When the high school football season of a lifetime comes during a pandemic

When they tell you the team from Henry County is like a family, buddy, they literally mean just about everyone is related through either blood or tears.

The Abbeville High School football team is bringing 30 players to Tuscaloosa this week for its state championship football game, and there are five sets of brothers on the roster. What a year. What a story to tell. This is the first season for Abbeville coach LaBrian Stewart, and he was hired less than a month before fall camp during the 2020 coronavirus pandemic. Abbeville has lost one game.

The success has nothing to do with Stewart, he says. It’s the kids. They’ve all grown up together down there in the shadows of Jimmy Rane’s pine trees and Great Southern Wood. This is the season they’ve been waiting to play their entire lives. They’re tough country boys who do things like play both ways in a 60-45 state semifinal victory over Leroy … during a pandemic … without testing for the coronavirus.

That’s one for the yearbooks.

No matter what happens in the Super 7 this week at Bryant-Denny Stadium, Abbeville played brilliant and brave football to get there. The Super 7 begins on Wednesday with the AHSAA Class 7A championship between Auburn and Thompson. Abbeville (12-1) plays Mars Hill Bible (12-2) at 2:45 p.m. on Friday for the Class 2A state title. The Abbeville Yellow Jackets, with their maroon and white uniforms, might be the most unlikely team playing for one of those iconic blue-map trophies in this season of football during a pandemic.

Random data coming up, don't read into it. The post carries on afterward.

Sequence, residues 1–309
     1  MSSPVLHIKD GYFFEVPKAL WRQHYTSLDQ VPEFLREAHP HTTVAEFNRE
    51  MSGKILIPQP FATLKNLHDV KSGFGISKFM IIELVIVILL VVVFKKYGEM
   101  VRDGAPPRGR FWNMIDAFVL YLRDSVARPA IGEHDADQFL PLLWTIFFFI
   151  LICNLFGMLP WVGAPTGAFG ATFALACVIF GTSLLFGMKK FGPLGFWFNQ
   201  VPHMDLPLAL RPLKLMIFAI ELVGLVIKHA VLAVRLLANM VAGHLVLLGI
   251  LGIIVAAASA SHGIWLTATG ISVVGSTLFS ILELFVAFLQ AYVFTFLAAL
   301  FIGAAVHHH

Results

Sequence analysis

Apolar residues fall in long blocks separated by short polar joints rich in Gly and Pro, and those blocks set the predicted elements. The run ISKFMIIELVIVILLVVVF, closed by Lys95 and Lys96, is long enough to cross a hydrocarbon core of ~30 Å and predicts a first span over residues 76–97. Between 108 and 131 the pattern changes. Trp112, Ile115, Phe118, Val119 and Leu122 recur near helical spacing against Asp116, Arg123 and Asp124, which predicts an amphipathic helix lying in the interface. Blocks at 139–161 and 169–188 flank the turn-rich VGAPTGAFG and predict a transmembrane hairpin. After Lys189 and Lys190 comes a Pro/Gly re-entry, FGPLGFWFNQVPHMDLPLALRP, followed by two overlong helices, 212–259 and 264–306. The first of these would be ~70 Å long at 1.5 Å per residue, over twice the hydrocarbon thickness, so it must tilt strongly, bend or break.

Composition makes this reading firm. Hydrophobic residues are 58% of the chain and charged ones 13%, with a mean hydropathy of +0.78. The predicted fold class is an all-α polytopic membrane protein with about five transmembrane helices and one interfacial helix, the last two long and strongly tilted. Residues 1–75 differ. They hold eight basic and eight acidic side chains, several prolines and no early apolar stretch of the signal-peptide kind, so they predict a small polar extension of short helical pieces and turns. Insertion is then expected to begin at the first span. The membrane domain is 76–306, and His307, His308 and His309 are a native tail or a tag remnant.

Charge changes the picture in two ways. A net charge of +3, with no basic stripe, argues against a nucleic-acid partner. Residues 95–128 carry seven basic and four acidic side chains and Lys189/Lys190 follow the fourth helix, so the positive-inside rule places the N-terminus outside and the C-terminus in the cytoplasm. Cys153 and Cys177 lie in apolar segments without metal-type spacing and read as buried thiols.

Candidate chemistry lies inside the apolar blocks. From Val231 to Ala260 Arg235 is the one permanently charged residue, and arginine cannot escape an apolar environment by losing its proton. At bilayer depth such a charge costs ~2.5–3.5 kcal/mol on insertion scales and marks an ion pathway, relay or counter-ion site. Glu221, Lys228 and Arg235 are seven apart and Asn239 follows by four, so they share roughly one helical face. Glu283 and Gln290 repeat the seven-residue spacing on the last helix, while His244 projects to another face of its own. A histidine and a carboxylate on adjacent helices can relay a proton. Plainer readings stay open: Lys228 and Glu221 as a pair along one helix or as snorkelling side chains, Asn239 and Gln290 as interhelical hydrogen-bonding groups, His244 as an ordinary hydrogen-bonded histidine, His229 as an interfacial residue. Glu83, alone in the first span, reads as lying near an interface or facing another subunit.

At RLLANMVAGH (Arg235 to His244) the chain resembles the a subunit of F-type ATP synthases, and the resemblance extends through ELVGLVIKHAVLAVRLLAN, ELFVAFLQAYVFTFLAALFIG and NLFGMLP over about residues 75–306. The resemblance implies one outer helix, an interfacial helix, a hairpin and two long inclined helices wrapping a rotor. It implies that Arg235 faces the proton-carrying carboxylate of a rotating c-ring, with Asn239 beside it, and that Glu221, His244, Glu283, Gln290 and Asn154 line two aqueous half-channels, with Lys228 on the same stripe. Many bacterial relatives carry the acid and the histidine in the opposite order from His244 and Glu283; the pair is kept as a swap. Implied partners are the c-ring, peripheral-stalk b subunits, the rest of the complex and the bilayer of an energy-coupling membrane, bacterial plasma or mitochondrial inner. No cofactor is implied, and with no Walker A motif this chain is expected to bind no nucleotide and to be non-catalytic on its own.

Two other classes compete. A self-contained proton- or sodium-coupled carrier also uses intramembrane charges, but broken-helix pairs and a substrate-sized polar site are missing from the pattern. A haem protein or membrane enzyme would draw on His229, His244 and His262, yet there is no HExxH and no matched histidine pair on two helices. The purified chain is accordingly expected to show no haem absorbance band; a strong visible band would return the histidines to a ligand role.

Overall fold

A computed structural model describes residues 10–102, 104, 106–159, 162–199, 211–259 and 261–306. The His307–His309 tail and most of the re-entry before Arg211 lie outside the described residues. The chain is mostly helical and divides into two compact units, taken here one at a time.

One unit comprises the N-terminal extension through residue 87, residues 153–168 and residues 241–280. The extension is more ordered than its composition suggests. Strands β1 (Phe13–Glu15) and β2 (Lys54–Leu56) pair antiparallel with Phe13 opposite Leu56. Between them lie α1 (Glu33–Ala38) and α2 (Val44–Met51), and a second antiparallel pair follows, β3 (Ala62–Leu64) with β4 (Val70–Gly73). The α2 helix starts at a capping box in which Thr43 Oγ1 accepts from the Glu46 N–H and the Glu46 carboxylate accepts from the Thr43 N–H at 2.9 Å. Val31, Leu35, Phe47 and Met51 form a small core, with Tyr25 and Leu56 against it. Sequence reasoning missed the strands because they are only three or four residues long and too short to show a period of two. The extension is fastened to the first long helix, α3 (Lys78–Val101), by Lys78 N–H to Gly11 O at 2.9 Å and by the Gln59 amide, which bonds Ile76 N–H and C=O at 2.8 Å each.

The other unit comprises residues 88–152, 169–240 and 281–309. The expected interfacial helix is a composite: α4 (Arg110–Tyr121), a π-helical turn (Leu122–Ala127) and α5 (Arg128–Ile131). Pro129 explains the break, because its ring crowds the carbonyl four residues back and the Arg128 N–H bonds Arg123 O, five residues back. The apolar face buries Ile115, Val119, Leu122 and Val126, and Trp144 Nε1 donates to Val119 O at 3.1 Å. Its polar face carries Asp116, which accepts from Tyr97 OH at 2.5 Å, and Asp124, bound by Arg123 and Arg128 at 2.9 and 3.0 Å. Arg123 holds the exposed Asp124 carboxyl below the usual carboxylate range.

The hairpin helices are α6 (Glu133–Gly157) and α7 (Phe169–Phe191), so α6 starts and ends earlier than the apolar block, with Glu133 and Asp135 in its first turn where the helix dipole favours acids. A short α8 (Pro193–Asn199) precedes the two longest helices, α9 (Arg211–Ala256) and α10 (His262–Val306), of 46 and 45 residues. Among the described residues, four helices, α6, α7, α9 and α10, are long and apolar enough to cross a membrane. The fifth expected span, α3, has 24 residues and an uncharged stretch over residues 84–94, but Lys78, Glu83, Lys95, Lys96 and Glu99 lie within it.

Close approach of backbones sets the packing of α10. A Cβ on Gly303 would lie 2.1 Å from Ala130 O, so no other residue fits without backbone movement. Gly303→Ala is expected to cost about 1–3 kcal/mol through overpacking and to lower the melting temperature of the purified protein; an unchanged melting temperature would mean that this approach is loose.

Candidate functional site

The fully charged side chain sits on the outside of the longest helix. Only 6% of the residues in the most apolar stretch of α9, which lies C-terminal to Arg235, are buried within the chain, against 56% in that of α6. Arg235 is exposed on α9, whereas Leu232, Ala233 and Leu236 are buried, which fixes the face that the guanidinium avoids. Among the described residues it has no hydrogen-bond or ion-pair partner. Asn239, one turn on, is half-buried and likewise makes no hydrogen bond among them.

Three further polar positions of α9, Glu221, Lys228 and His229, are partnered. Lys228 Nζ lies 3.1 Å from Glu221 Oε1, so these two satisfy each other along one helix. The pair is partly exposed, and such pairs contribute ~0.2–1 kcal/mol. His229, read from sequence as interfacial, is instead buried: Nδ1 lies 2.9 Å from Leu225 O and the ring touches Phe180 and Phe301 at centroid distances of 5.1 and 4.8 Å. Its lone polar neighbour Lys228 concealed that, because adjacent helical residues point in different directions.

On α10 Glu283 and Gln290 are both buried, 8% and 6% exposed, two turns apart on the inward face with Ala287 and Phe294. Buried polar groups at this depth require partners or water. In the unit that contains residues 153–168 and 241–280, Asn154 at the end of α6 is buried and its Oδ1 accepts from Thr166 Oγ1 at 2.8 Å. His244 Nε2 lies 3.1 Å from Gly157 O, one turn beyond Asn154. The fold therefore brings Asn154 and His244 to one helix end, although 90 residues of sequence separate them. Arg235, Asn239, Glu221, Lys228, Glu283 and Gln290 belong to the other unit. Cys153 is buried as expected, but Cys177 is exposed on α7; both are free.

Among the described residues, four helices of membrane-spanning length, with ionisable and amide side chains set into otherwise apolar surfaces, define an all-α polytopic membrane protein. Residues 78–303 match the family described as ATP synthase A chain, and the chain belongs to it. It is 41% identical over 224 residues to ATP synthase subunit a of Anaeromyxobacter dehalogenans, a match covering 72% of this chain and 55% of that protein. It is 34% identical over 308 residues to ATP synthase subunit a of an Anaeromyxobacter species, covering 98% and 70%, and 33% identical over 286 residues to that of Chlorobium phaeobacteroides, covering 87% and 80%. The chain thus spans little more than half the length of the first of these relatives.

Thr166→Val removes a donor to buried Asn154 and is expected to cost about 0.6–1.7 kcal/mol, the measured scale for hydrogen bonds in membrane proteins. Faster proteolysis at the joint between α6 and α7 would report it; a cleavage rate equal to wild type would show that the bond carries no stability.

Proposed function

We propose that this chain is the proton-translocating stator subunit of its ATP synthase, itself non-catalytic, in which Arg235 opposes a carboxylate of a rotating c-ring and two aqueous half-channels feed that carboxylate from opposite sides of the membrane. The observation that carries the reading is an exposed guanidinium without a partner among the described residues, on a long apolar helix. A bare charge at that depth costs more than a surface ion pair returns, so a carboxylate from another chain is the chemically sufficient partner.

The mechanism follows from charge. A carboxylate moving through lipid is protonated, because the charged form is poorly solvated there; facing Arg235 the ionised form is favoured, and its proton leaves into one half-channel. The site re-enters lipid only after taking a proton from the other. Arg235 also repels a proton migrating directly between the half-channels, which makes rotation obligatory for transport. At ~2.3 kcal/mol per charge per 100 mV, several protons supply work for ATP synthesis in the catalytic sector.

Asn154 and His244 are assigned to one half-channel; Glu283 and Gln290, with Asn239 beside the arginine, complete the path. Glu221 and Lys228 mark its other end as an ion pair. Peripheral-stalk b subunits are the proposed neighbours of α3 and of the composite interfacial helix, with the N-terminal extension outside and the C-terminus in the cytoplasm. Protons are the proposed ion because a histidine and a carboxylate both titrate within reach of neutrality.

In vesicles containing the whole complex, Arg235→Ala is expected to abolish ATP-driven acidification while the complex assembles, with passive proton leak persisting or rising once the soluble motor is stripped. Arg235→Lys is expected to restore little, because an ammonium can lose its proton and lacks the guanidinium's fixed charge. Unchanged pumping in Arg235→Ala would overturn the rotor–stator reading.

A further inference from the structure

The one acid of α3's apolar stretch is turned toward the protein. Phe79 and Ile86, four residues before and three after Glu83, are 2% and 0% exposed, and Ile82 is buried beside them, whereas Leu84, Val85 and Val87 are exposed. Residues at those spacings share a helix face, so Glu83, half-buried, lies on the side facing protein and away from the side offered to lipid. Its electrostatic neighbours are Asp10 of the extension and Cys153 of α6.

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College football players and the pros in the NFL have absolutely nothing on the high school kids this season. Throughout the state, testing for the coronavirus was never required to play football. For the families of football players, this season has been a worry and a reward. Stewart says his team has been spared an outbreak.

“Just to be honest, this is nothing but God,” Stewart said. “He has shown no matter what the circumstances, he is taking care of us if we take care of each other.”

Abbeville doesn’t get many visitors, so that has helped. Highway 431′s gas stations, where travelers stop to fill up on the way to the beach, have been the biggest concern. Tucked away in Henry County, Abbeville doesn’t really have much except for family, church, school and football. There’s a Food Giant and a couple really tasty restaurants and grills. Everyone knows each other in Abbeville, and most of the players on this season’s team grew up playing together.

There’s Jess Hoffman Jr., who has been the team’s center since he was five years old. Ricavious Dozier is the running back who went for over 200 yards with three touchdowns against Leroy. He also made 12 tackles at linebacker.

The senior has started on defense since eighth grade. He wants a scholarship for football, so could someone please make that happen?